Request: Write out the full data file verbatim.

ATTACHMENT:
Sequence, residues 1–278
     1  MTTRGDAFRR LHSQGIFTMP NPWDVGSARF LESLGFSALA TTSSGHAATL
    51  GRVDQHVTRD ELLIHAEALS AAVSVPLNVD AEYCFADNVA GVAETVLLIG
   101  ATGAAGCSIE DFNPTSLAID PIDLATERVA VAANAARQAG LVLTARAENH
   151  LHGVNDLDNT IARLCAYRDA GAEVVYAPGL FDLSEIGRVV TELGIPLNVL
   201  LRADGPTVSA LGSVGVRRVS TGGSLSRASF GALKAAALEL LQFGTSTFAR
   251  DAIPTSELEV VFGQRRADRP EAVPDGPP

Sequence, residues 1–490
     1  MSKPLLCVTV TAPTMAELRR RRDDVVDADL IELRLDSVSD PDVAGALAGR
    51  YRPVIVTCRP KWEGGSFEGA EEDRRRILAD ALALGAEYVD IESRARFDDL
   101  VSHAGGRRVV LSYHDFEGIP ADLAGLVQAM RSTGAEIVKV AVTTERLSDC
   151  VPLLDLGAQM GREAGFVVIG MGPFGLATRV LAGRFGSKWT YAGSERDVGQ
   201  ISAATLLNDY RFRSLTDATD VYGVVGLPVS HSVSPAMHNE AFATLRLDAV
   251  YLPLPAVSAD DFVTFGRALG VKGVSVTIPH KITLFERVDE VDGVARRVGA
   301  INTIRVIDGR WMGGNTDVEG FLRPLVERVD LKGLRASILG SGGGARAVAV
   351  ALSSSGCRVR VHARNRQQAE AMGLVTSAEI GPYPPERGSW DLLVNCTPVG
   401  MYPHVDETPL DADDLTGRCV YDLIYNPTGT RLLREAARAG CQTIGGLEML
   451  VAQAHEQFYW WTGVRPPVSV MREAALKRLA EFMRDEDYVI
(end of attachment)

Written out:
Sequence, residues 1–278
     1  MTTRGDAFRR LHSQGIFTMP NPWDVGSARF LESLGFSALA TTSSGHAATL
    51  GRVDQHVTRD ELLIHAEALS AAVSVPLNVD AEYCFADNVA GVAETVLLIG
   101  ATGAAGCSIE DFNPTSLAID PIDLATERVA VAANAARQAG LVLTARAENH
   151  LHGVNDLDNT IARLCAYRDA GAEVVYAPGL FDLSEIGRVV TELGIPLNVL
   201  LRADGPTVSA LGSVGVRRVS TGGSLSRASF GALKAAALEL LQFGTSTFAR
   251  DAIPTSELEV VFGQRRADRP EAVPDGPP

Sequence, residues 1–490
     1  MSKPLLCVTV TAPTMAELRR RRDDVVDADL IELRLDSVSD PDVAGALAGR
    51  YRPVIVTCRP KWEGGSFEGA EEDRRRILAD ALALGAEYVD IESRARFDDL
   101  VSHAGGRRVV LSYHDFEGIP ADLAGLVQAM RSTGAEIVKV AVTTERLSDC
   151  VPLLDLGAQM GREAGFVVIG MGPFGLATRV LAGRFGSKWT YAGSERDVGQ
   201  ISAATLLNDY RFRSLTDATD VYGVVGLPVS HSVSPAMHNE AFATLRLDAV
   251  YLPLPAVSAD DFVTFGRALG VKGVSVTIPH KITLFERVDE VDGVARRVGA
   301  INTIRVIDGR WMGGNTDVEG FLRPLVERVD LKGLRASILG SGGGARAVAV
   351  ALSSSGCRVR VHARNRQQAE AMGLVTSAEI GPYPPERGSW DLLVNCTPVG
   401  MYPHVDETPL DADDLTGRCV YDLIYNPTGT RLLREAARAG CQTIGGLEML
   451  VAQAHEQFYW WTGVRPPVSV MREAALKRLA EFMRDEDYVI